If you had to choose a single word to describe 2020, what would it be? Unprecedented? Uncertain? Challenging? Volatile?
Service-oriented businesses were hit particularly hard by the volatility of 2020. Customers delayed or cancelled elective services due to financial constraints or fear of exposure to COVID-19, while government-issued stay-in-place orders barred certain services altogether. Moving into the winter months now further compounds this volatility, with occasional severe weather disruptions affecting demand in many regions. Overall, this creates an extraordinary difficulty for management of these businesses, as trying to determine appropriate staffing turns into a game of hit or miss. The results are either an overstaffed business with high employee costs and bored, disengaged staff, or an understaffed business with stressed, overworked employees and frustrated customers due to long wait times.
Is this a challenge one needs to simply endure and hope for the best, or can service businesses proactively implement measures that will generate reliable demand forecasts?
Actually, there is a better way than waiting passively! The technological advances over the last few years enable businesses to collect, access and employ data to transform their decision-making processes. Applying artificial intelligence models to forecast demand significantly reduces the uncertainty of volatile conditions. AI-based models can utilize both internal and external data to generate workload forecasts individually tailored to a business’s specific needs and challenges. These tools can be trained to provide practical, accurate recommendations for day-to-day staffing of each individual team or location.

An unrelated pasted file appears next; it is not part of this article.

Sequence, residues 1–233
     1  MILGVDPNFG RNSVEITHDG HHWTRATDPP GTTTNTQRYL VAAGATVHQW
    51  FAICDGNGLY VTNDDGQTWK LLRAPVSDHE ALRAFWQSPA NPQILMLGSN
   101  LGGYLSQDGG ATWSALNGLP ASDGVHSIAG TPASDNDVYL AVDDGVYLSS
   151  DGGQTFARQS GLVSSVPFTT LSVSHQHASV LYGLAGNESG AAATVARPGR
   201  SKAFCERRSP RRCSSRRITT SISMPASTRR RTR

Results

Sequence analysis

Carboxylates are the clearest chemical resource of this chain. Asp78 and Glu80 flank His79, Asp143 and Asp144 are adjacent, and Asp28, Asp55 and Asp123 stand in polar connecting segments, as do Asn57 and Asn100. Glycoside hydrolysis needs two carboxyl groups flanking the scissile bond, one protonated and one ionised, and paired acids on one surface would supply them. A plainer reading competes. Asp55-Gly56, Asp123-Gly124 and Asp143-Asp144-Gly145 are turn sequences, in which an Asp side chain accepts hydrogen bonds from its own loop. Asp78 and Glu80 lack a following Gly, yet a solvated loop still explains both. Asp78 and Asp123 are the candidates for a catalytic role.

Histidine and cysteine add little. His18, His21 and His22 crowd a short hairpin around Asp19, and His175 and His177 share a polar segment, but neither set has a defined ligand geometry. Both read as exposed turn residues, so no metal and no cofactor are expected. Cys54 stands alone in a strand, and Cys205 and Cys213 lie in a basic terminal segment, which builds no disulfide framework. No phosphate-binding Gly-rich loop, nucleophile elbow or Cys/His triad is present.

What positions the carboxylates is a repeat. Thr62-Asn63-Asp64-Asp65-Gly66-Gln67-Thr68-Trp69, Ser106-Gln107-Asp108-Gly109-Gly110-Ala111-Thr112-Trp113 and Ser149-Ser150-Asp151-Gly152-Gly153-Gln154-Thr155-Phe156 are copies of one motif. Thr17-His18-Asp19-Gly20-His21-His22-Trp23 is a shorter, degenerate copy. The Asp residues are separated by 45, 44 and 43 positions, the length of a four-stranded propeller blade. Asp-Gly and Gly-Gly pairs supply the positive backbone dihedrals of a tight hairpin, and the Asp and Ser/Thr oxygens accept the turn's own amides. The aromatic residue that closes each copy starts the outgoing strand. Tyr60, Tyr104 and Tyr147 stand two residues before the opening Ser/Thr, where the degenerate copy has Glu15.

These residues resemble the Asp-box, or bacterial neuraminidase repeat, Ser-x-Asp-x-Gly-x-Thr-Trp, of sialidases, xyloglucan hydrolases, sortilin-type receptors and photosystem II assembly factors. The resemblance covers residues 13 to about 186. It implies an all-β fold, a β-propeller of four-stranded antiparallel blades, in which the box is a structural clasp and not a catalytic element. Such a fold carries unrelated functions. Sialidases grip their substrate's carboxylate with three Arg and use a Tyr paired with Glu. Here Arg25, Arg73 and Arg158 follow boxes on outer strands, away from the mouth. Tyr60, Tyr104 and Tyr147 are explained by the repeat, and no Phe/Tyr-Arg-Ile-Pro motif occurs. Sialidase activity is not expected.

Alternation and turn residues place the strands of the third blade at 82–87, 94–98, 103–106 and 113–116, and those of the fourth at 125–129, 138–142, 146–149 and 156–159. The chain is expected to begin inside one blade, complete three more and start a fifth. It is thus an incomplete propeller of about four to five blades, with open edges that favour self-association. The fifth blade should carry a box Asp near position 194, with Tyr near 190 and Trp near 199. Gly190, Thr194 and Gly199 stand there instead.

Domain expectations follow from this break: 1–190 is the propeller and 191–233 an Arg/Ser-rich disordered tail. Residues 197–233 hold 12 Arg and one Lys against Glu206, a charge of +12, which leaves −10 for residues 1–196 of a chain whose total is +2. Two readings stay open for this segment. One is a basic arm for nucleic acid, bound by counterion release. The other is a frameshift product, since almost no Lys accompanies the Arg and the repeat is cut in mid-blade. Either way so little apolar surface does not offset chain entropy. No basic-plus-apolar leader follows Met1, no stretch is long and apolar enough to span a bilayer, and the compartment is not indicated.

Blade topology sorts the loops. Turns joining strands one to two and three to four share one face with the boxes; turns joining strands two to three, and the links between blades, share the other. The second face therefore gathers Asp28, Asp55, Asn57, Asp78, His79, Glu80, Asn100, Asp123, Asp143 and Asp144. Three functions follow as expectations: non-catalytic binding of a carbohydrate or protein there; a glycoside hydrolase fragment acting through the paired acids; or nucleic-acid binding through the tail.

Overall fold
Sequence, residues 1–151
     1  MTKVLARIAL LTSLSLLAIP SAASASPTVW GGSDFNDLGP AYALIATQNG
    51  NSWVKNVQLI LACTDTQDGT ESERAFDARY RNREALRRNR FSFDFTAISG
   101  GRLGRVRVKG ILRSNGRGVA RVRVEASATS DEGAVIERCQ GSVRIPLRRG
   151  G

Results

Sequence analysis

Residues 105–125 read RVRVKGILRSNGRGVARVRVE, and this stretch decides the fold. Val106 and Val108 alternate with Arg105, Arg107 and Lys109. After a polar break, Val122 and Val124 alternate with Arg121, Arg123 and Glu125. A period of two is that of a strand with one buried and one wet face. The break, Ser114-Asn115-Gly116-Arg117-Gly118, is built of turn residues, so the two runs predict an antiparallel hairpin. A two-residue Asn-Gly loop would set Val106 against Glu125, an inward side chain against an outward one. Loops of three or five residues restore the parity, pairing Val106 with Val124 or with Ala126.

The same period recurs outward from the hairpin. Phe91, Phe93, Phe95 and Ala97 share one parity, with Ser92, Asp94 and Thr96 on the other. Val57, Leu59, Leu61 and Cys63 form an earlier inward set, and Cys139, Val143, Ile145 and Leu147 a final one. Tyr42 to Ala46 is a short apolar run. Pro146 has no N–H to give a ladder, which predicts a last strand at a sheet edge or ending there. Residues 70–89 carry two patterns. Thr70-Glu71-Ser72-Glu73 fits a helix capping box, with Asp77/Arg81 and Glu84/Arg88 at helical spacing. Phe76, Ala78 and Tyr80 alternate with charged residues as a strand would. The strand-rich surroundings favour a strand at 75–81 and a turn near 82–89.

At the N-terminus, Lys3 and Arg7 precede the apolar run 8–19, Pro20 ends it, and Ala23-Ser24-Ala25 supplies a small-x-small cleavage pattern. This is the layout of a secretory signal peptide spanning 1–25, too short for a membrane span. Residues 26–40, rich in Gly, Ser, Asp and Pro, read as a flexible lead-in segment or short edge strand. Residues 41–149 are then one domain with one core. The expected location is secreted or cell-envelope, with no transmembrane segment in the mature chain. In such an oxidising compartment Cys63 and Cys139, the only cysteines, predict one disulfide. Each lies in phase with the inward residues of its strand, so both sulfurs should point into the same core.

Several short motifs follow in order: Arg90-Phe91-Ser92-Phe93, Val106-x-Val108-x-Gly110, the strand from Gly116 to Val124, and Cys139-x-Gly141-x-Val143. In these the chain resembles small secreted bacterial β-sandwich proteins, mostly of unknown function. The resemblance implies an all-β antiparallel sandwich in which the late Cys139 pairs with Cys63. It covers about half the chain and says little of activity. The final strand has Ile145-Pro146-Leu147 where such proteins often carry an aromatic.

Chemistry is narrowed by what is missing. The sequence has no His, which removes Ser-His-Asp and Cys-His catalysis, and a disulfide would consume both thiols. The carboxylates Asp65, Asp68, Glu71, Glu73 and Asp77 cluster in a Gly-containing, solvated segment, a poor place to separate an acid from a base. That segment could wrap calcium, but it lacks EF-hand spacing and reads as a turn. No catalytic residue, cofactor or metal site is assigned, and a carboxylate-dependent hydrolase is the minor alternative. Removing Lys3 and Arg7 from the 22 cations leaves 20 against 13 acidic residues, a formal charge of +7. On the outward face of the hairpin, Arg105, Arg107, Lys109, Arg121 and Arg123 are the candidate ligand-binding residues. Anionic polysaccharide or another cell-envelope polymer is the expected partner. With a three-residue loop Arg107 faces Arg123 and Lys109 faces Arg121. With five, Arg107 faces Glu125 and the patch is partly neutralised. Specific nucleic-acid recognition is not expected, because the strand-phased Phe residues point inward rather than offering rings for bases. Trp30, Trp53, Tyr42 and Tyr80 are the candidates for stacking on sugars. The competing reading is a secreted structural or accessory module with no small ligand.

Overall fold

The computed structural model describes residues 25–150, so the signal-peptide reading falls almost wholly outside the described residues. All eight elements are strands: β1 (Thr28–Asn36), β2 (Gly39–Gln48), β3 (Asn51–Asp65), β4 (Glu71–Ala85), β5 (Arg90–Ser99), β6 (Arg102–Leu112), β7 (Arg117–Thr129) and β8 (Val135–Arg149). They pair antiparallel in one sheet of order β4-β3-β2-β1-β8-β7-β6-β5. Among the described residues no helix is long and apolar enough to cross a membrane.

One exciting dimension of this technology is how it can automatically adjust to changing conditions over time. Managers can modify results as they see fit, providing the algorithm additional “human knowledge” to learn from and apply to future predictions. Not only can applied AI-models empower service businesses to have an accurate number of staff on schedule, but they can also forecast the type of employee needed to be “on” at the right time. This can be determined by seniority, formal certifications, or skill level, to name a few.
So rather than falling behind by duplicating last week’s schedule, jump ahead to the labor optimization tools that can predict tomorrow’s needs and match workforce to workload—providing certain forecasts in uncertain times.
Author: Daniela Kister
Daniela is responsible for marketing and design at Weave Workforce, a workforce optimization company, providing AI-based forecasting and scheduling to match the fluctuating demand of service-oriented businesses. Having worked in automotive, consumer goods, education, healthcare, and not-for-profit management on three different continents, Daniela is passionate about time management and its benefits on business revenue and work-life balance.